9. Right, and this resulted in vast improvement to previously dismal xDSL service to CH, especially to those homes closest to the new development across the highway. But initially at least, homes furthest away from the new point of connection reportedly didn't see enormous benefit, since xDSL really loses speed with distance over 2 km or so. But this illustrates that lakeside areas hugging the north shore currently suffering with poor xDSL service can similarly hope that Telmex can economically boost their performance by plugging their existing copper lines into gear attached to a new fiber line. This topology would probably fall into the Fiber to the curb/cabinet/node categories. But I'm sure it's more complicated than that...
  10. In any event, based on postings on this board when the Ilox project was just underway, Ilox reportedly stated that it will not share conduits with any other utility, for reasons Rick and others indicate. At the time, there was some mention of 'to the gate' (of a frac, say) wholesale (maybe gigabit?) interface that might have left a frac or neighborhood to its' own devices as to final distribution, billing, etc. AFAIK (which isn't much) this idea never was developed (into xG neighborhood wireless networks, bespoke point-to-point circuits or other technical solutions) where wanted and feasible. Perhaps after the Ilox dust settles and Telmex offers alternatives, there might be enough residual demand for such special solutions.
  11. Tug, may I ask, as precisely as you care to specify, where are you located west of the RC, and what kind of measured internet performance you currently experience from which provider? I ask because I have a lot about a mile due west of the center of the RC, and am looking at a house further west in El Limon, and decisions to buy or build could depend on long-term net coverage. Thanks. ps Just in case you missed it, some commentator on these threads noticed Ilox crews 'inspecting' El Limon maybe a month ago - why don't you ask Ilox about their plans in your specific area...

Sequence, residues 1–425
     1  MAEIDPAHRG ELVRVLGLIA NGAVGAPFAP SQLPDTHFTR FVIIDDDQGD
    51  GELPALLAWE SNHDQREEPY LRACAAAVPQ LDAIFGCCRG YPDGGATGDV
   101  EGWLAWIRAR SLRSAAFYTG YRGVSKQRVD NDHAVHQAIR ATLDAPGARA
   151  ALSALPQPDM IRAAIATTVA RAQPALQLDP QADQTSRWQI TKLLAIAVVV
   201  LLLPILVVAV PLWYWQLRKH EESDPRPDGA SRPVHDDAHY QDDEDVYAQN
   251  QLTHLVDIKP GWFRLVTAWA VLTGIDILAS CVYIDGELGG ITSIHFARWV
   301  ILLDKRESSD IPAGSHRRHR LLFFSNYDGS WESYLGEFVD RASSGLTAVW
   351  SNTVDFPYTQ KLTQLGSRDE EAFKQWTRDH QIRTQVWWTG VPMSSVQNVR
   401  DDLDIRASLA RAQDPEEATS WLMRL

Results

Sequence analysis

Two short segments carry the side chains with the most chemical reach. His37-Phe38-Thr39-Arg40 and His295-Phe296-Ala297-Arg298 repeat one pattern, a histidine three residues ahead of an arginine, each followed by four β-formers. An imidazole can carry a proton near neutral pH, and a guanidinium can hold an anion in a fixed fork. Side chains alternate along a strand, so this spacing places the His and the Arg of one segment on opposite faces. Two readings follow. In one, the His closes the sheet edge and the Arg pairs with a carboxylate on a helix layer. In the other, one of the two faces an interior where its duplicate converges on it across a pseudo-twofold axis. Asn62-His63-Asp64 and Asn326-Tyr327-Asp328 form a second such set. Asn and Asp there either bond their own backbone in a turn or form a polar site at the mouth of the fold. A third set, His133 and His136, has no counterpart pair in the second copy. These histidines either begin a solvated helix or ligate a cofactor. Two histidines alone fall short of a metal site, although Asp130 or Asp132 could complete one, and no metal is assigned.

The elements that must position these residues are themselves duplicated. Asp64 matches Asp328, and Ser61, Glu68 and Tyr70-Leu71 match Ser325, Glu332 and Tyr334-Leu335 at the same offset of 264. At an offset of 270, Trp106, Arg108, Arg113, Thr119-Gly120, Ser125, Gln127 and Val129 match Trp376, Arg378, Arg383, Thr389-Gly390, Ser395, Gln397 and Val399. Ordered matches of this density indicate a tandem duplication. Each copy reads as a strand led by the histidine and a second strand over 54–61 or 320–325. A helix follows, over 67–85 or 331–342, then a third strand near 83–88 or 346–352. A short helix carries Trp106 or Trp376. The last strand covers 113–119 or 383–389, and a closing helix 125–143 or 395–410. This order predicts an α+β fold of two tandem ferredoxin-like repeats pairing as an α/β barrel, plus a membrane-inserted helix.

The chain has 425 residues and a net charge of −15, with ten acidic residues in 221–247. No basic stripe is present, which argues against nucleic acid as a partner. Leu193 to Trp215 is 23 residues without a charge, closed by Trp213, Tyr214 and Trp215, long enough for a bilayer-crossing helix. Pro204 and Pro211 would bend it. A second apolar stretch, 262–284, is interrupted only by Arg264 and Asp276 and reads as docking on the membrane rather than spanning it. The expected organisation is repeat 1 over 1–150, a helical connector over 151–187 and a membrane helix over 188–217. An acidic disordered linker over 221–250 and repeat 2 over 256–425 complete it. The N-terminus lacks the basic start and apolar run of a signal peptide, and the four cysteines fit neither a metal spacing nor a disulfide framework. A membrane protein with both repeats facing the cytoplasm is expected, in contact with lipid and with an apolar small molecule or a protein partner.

12. Bufo Alvarius sayeth: https://puerto-vallarta-mexico.com/picking-magic-mushrooms-in-el-tuito-jalisco-mexico-27-miles-south-of-puerto-vallarta-jal/
  13. My late father in the 1960s and 70s did original research at UC San Francisco that led to the now common drug-drug interaction data bases, as well as the protocols for automatically reviewing drug patient usage records. Decades of case outcome data and statistics (with which I am not personally familiar) continuously accrue, documenting, among other facts, Mudgirl et al.'s points about various forms of drug resistance, which were always theoretically expected. Here in northern California, anyway, professionals tend to be serious, sincere, careful, competent and capable of quite subtle cognitive nuance, going where the evidence and best current professional practice lead them. One of my professors in grad school at Berkeley was famous for developing the idea of 'cognitive authority' which describes, among other things, how even sophisticated academic discourse can be led down a path some limited distance before the paradigm gets rattled and replaced (T.S. Kuhn was one of his own dissertation advisers). Trump, antivaxxers, ZeroHedgers, etc represent what happens when the development of such belief "systems" occurs among that half of the population with two-digit IQs...
  14. And what about antibiotics? Make America Gangrenous Again!
  15. From 'Medical laws and ethics of Babylon as read in Hammurabi's code (History, circa 1770 B.C.)' in The Internet Journal of Law, Healthcare and Ethics. 2006 Volume 4 Number 2. See: http://ispub.com/IJLHE/4/2/10352 "Method: Studying the translated preserved copy of the code and review of literature in Law and medicine to indicate the relevant items which cast a light on the status of law in Ancient civilization of Babylon in Mesopotamia. Results: There were 282 laws, dealing with all aspect of public life, citizen's rights and limits and the Babylon Kingdom's justice system. The Code of Hammurabi described a scaled fee schedule for surgical services, which was linked to the outcome of the surgery so if not met, resulted in severe penalties, required documentation of diseases and therapies, included prescription benefits. The code fully explained patient's rights according of proclaimed King's Code."